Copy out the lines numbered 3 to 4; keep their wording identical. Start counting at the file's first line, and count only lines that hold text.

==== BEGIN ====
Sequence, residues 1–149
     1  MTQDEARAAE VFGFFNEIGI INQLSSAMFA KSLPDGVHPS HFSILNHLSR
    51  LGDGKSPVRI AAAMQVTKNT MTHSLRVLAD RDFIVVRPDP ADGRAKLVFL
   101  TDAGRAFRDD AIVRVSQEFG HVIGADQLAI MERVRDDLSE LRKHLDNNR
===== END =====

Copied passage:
    51  LGDGKSPVRI AAAMQVTKNT MTHSLRVLAD RDFIVVRPDP ADGRAKLVFL
   101  TDAGRAFRDD AIVRVSQEFG HVIGADQLAI MERVRDDLSE LRKHLDNNR